Rarely the presence of an uninterrupted sound can be appreciated, if you happen to consider the harmonic features of a two-minute buzzing hum as such. Let’s not forget it: a well placed drone puts inexplicable mechanisms of our consciousness in motion; the cause is still to be exactly determined, but there must be a reason if so many artists are drawn to that type of secretion. In “Triton” the deficiency of rhapsodic fervour is denoted by empty simulacra of desolateness, the sources combining in swelling surges of petrifying subterranean vibrations and reticent frequencies, while “Trespassing” echoes the sterility of humanity’s fruitless seeking for divine attributes in their insignificant existence through dampened bumps and soft bounces amidst barely variable currents of unmusical resonance. “Dots #2” shuts every door to any residual hope of comprehension, impenetrably inhuman vestiges of what we used to call “notes” diffusing a rational pressure in the environment, undetectable poisoning fumes in an only apparently clear sky.

Thursday, 1 January 2009



Here’s an interesting, if not entirely rewarding release in a limited edition: 300 copies hand-painted by Michael Renkel (mine shows a series of deep-blue tempera splats variously placed on a folded white sheet of light cardboard). Four 3-inch discs are contained, all of them absolutely devoid of names or titles so we understand what is what exclusively by the total time indicated by the CD player as, providentially, the durations are specified on the sleeve. Aubry presents three “generative compositions for computer” involving “chance operations and feedback systems”, whose temperament ranges from hypnotically occlusive to unevenly faddish; pleasant sensations overall, but nothing really pioneering. The shortest piece – about 15 minutes, by Krebs – is also my darling: a potion of “pre-investigated materials” spiced with earth loop humming, harsh saturation, stifled drones, prying radios and, in the main, an agreeable logic of appropriate occurrence at the right moment.

On the contrary, the instalment by Schick - constructed upon overlaid strata of organ pipes, “marocan raita” (sic) and bowed turntable notes plus “harsh object sounds and electronic noise” - is perhaps the one that overstays its welcome a little bit: the original plan may have had its appeal, yet after a while this writer felt like plagued by kids playing with whistles in a nursery school situated in close proximity to an industrialized area. Ermke works quite well with field recordings and self-made rattling-and-scraping; among other things, conversations between Italians - a happening that tends to leave me befuddled when listening to allegedly investigational matters – are found. Still, despite the pseudo-contentment deriving from certain settings and combinations, I’m again compelled to archive this episode in the “been there, heard that” vault.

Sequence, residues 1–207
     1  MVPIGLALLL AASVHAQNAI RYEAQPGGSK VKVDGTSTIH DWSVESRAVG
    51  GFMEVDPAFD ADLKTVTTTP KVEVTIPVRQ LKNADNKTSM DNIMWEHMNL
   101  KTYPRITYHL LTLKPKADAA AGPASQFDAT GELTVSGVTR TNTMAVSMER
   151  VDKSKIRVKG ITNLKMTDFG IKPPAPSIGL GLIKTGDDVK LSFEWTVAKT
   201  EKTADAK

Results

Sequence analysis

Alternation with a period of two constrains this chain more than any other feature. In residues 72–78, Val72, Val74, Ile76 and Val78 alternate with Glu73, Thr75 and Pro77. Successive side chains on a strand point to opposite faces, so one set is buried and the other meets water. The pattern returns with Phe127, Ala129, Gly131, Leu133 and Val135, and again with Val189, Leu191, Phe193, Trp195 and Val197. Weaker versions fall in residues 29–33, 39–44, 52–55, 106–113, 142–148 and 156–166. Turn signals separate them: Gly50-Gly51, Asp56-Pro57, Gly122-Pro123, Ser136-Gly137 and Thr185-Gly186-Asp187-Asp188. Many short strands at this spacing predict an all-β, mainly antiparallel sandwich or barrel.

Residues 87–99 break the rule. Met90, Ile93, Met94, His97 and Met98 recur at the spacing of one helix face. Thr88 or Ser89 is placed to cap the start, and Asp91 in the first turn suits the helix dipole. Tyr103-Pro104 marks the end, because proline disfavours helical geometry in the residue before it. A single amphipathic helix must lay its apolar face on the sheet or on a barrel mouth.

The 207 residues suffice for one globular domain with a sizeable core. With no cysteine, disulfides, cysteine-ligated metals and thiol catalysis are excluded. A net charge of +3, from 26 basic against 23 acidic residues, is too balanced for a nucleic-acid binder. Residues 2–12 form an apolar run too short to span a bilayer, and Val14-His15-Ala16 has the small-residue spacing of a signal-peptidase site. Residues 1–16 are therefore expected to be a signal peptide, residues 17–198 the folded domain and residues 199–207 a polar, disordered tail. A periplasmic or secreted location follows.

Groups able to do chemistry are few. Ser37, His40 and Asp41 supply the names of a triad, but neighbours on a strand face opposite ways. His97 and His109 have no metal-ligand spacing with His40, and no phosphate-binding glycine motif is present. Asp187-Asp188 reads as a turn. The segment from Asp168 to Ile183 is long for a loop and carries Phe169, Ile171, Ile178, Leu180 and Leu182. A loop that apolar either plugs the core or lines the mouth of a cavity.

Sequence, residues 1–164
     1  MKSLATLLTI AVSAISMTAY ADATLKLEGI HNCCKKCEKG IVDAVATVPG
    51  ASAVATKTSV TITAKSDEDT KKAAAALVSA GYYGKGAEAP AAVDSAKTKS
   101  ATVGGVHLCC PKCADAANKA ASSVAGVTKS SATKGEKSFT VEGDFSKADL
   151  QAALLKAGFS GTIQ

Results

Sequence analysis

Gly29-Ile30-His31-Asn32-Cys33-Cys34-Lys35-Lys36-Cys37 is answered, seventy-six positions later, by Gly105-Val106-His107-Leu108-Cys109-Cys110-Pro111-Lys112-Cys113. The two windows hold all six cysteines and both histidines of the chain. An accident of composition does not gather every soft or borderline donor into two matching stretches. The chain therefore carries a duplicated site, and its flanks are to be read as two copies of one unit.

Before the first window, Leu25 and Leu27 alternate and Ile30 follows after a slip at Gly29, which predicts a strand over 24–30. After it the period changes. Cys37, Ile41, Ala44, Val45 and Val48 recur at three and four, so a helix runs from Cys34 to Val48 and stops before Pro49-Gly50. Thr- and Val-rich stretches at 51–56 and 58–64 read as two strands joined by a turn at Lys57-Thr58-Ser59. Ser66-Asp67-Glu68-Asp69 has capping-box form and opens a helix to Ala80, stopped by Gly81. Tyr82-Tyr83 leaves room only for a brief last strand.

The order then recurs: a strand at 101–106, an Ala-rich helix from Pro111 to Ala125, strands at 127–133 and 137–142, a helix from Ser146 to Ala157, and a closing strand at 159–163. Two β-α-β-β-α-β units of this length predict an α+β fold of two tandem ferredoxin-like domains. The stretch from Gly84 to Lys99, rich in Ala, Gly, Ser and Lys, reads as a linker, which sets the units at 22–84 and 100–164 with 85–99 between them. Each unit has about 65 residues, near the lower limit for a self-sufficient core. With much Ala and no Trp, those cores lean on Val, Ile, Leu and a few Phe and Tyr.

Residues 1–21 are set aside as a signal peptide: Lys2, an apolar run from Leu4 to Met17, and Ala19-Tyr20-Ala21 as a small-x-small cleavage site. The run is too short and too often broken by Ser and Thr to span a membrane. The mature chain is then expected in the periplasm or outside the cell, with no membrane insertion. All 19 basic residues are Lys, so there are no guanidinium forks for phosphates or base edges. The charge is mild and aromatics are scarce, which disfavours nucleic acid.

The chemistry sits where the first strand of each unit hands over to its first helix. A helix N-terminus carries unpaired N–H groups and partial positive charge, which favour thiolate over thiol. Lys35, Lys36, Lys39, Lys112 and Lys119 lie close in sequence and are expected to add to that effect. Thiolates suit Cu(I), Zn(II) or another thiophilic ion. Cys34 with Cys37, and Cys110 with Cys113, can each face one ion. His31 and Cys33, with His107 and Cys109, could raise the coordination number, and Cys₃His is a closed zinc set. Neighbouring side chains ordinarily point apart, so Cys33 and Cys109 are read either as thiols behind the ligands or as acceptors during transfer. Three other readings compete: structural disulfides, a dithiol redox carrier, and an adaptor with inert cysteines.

In general, Berlin Electronics is a fine enough but not exceptional collector’s item encompassing a few intriguing incidents in the middle of a basically average level of electroacoustic resourcefulness. All four artists can surely do much better than what’s heard here.


Creative Sources

As per Neven Usumovic’s liners, “…it is very difficult to foresee what Mezei will do next: his jazz is genuinely inspired by the great achievements of modern classic music (Bartók, Lutoslawski) as well as by the original folk tradition”. Sivatag – which means “desert” in the composer’s idiom – is in itself a one-hour condensation of the numerous ideas inhabiting the mind of this fertile young man, another essential factor to be monitored in the progression of such a kind of art being the “dramaturgical” aspect of these scores – he’s in fact a regular contributor to theatrical performances, his sister Kinga herself an actress and stage manager.

The three movements are orchestrated for a tentet subdivided in pairings: flutes, clarinets, brass winds, strings and rhythm section (double bass and percussion). “Warszawa Sketch” is an ashen improvisation where the physical features of the instrumental mechanics stay at the forefront of the sonic picture; yet the piece terminates its existence with an awe-inspiring collective glissando, halfway through the declining of a mirage and the dying phase of human illusions. Vizfény (észak)” is a sombrely brooding slow walk across the innermost craters of contrapuntal transience, the Ensemble obeying to a logic of indistinct pre-demise feverishness which results as upsetting as the last tearful embrace between two lovers before a forced severance. “Sivatag” brings back Mezei’s typical superimposition of reflective-if-dissonant linear motions and harmonic enucleations, almost 34 minutes in which the scarcity of definite hierarchies debouches in a now inhospitable, now subdued kind of superior understanding, exalted by the utilization of severe-sounding thematic drafts accentuated by a slight measure of self-collected soloism.

CHRISTOPHER MCFALL – All For The Terror That Sings Sweetly To You In The Night